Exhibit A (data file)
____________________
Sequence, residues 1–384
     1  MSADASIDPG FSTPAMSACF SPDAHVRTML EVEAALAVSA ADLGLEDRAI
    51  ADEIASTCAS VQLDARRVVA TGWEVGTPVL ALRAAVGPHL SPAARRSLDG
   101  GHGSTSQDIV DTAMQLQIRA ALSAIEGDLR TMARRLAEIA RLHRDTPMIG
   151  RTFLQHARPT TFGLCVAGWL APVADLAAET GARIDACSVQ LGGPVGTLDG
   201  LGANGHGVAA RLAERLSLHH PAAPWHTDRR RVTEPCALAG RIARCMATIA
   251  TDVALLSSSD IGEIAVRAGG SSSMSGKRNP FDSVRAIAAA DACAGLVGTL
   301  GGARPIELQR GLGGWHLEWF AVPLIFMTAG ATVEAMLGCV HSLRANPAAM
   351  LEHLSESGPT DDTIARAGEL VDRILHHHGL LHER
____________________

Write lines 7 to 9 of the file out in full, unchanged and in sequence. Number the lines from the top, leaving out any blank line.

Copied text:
   251  TDVALLSSSD IGEIAVRAGG SSSMSGKRNP FDSVRAIAAA DACAGLVGTL
   301  GGARPIELQR GLGGWHLEWF AVPLIFMTAG ATVEAMLGCV HSLRANPAAM
   351  LEHLSESGPT DDTIARAGEL VDRILHHHGL LHER